Helping seniors’ independence

When seniors fall, the consequences can be serious

Did you know, falls account for 85 per cent of all injuries among seniors in B.C. and are the main reason why older adults lose their independence?

When seniors fall, the consequences can be serious. In fact, falls were the leading cause of injury deaths among B.C. seniors in 2010. Increased fall risk can occur for a variety of reasons, usually from a lack of balance or inability to recover balance due to age-related physical or mental health problems, impaired mobility or vision, a reaction to medication(s), or slip and trip hazards. Falls usually happen at home, and women over 65 years are 2.3 times more likely to be hospitalized for a fall-related injury then men—many of these involve hip fractures. Nearly 1-in-10 hospitalizations among B.C. seniors were due to a fall last year and 40 percent of fall-related hospitalizations involved a hip fracture. Approximately one quarter of older adults who live independently prior to a hip fracture may need to live in a facility for a period of time following a fall-related fracture. A contributing factor is that seniors may become afraid of falling, so they restrict their activities and this can lead to weak muscles, stiff joints and poor balance, resulting in more falls.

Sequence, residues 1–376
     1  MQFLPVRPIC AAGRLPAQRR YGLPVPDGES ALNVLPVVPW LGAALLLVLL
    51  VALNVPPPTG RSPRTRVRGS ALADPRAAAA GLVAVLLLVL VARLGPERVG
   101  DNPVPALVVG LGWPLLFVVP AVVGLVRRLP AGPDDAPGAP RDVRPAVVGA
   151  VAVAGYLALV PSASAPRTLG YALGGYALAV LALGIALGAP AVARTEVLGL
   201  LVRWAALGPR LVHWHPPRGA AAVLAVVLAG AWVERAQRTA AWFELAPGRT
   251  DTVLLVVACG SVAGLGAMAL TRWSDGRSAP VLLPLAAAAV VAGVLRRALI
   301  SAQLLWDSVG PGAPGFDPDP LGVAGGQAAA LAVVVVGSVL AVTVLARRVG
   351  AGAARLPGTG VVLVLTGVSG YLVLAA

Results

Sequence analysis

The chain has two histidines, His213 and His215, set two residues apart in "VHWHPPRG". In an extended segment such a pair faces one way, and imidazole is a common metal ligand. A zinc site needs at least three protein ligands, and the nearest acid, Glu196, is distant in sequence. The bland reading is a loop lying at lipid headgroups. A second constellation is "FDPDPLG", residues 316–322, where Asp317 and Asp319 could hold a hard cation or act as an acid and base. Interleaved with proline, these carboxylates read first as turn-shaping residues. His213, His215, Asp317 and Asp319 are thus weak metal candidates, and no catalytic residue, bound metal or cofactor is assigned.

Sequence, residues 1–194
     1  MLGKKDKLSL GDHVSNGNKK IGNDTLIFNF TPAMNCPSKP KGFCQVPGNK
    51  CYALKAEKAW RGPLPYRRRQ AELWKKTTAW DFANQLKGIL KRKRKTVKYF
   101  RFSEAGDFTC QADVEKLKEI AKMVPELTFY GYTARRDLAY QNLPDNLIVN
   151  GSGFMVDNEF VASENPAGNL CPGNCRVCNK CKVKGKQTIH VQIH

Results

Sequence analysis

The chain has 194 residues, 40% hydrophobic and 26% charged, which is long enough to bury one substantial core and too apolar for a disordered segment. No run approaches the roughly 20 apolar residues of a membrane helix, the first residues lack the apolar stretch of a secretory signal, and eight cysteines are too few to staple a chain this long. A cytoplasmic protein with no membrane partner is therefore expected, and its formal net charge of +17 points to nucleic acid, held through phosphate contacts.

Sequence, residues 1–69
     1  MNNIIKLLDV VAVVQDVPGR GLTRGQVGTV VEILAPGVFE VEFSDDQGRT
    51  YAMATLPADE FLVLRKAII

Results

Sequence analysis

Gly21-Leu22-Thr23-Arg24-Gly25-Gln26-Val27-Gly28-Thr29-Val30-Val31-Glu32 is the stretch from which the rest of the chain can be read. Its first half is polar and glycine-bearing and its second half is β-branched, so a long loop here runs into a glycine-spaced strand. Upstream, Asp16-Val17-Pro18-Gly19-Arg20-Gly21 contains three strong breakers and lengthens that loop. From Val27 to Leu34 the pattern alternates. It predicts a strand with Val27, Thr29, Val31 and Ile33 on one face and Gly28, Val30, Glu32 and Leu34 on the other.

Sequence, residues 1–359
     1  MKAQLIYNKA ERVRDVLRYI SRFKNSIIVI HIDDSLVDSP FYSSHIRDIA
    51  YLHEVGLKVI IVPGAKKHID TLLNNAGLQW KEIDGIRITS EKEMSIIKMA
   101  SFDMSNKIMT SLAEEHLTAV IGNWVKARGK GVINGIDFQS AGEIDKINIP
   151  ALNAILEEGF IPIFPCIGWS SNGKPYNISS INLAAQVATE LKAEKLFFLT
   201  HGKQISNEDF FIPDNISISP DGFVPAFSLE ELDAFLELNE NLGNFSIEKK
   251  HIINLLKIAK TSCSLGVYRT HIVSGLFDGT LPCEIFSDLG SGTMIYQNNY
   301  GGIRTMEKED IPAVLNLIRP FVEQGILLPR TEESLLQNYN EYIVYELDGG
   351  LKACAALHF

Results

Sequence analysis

The good news is that most falls are predictable and can be prevented by taking simple steps to reduce fall risk. To raise awareness about the importance of reducing falls and related injuries among B.C.’s aging population and to encourage leadership and collaboration across the province, BC supports seniors’ fall prevention by proclaiming the first week in November as Seniors’ Fall Prevention Awareness Week.